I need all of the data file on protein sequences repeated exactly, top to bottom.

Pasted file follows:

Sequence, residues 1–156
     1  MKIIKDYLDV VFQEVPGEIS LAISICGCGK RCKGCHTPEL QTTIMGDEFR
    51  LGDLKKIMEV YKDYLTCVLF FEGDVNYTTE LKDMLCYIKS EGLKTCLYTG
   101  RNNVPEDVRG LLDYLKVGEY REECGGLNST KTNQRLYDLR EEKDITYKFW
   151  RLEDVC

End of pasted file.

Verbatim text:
Sequence, residues 1–156
     1  MKIIKDYLDV VFQEVPGEIS LAISICGCGK RCKGCHTPEL QTTIMGDEFR
    51  LGDLKKIMEV YKDYLTCVLF FEGDVNYTTE LKDMLCYIKS EGLKTCLYTG
   101  RNNVPEDVRG LLDYLKVGEY REECGGLNST KTNQRLYDLR EEKDITYKFW
   151  RLEDVC